Methods and challenges in data collection

Quantitative and Qualitative Data collection methods The Quantitative data collection methods, rely on random sampling and structured data collection instruments that fit diverse experiences into predetermined response categories.

Methods and challenges in data collection

It is followed by a mail package, which includes instructions for how to respond through the Internet. A reminder postcard is sent a few days after the mail package. Sample members who do not respond after the reminder postcard are sent a replacement mail package, which includes a paper version of the questionnaire and a postage-paid envelope for a mail response.

Instructions for responding by the Internet are also included. The package is followed by another postcard reminder. Sample members who do not have a telephone number that can be used for telephone follow-up receive an additional postcard, alerting them that a field representative will be contacting them in person if they do not respond by mail or Internet.

Page 48 Share Cite Suggested Citation: Realizing the Potential of the American Community Survey: Challenges, Tradeoffs, and Opportunities. The National Academies Press. Telephone follow-up begins about 5 weeks after the first mailing.

The number of follow-up calls made to a household depends on the disposition of prior calls. For example, if the household refuses to participate by telephone, then one additional refusal conversion attempt is made in this mode.

The Census Bureau has been conducting research on the optimum number of follow-up calls based on historical data about call outcomes Zelenak, In-Person Visit After the mail, Internet, and telephone follow-ups are completed, the cases that have not yet been completed are subsampled for in-person follow-up.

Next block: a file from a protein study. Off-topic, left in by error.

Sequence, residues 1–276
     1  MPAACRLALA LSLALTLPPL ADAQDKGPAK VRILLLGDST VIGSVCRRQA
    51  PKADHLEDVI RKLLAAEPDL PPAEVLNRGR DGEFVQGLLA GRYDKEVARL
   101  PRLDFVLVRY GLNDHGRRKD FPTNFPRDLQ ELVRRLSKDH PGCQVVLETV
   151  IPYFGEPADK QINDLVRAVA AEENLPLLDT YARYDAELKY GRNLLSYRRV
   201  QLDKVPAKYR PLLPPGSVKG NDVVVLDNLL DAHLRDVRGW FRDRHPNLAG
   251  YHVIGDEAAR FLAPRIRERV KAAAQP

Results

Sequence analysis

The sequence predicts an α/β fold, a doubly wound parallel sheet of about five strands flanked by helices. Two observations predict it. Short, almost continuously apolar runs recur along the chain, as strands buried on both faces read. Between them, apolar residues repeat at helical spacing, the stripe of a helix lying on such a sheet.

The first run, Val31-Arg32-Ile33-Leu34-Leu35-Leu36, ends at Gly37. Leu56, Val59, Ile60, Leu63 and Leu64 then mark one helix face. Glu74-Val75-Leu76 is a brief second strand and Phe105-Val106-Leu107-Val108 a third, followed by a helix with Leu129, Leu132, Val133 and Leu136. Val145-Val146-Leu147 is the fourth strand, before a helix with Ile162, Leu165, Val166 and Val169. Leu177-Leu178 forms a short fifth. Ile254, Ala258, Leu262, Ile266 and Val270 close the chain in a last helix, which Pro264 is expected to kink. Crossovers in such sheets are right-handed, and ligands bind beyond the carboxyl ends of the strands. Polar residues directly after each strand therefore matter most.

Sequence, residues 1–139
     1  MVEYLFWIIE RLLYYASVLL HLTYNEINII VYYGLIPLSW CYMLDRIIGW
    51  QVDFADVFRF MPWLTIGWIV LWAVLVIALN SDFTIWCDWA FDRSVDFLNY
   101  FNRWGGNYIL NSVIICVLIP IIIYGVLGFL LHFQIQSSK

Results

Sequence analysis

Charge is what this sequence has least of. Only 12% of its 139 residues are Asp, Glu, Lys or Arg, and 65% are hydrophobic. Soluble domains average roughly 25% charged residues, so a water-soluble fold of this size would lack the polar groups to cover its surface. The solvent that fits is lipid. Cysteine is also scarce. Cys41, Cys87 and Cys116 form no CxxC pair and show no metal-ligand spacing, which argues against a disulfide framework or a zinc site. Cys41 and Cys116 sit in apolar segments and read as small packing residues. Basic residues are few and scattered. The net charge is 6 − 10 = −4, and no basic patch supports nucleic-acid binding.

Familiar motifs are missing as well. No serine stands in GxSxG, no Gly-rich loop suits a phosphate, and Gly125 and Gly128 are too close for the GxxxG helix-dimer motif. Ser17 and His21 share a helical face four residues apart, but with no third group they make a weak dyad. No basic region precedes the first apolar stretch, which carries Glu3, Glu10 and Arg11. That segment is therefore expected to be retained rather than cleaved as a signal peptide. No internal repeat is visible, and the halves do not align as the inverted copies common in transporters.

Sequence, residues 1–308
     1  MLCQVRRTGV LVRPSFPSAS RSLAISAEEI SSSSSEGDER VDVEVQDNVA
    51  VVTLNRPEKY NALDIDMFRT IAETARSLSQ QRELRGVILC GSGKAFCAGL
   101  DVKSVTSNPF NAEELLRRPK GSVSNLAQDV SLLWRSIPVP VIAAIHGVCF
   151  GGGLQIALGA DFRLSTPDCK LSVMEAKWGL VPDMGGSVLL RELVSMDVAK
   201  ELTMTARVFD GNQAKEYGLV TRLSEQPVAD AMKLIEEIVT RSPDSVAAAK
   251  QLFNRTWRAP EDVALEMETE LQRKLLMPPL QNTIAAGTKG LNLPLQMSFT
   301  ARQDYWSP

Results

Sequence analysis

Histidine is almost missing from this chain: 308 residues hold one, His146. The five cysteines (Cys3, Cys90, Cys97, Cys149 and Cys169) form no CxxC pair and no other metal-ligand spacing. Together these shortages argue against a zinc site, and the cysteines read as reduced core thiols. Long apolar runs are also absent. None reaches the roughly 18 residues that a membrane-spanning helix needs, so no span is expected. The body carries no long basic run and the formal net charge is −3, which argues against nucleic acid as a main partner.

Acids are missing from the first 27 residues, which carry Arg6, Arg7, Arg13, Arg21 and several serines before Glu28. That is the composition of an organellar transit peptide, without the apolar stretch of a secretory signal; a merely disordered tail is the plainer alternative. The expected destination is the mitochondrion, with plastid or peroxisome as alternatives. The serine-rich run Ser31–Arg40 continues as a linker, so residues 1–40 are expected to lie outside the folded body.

Mailable addresses are sampled at a 1 in 2, 2 in 5, or 1 in 3 rate, depending on the response rate expected at the census tract level. Unmailable addresses are sampled at a 2 in 3 rate. Each case is assigned to a Methods and challenges in data collection representative, who will first attempt to complete the interview by telephone, except in cases where the household already refused by telephone or if the address was deemed unmailable, because in those cases the field representative would need to visit the location to determine whether the housing unit exists and to determine the occupancy status.

For most cases, an actual in-person visit is only attempted after three to five calls are made during different times of the day.

Methods and challenges in data collection

This is typically needed for approximately 80 percent of the cases assigned to the field. Although CATI refusals are slightly more likely to also end as a refusal in CAPI, field representatives are generally very successful at obtaining an interview, with an over 95 percent completion rate Zelenak, Group Quarters Data Collection As defined by the Census Bureau, group quarters are places where people live or stay in a group living arrangement and receive housing and services from an organization or other entity.

Page 49 Share Cite Suggested Citation: As did the census long-form sample, the ACS aims to be as comprehensive as possible in representing the entire U. The group quarters sample is separate from the housing unit sample, and the data collection process is also different to address the unique challenges associated with interviewing in the context of such facilities.

All group quarters cases are assigned to a field representative, who visits the facility after an initial mailing that introduces the survey has been sent.

During the visit, the field representative obtains a roster of the residents, which is then used to generate a sample of individuals to interview. Up to 15 residents are interviewed at each facility included in the survey.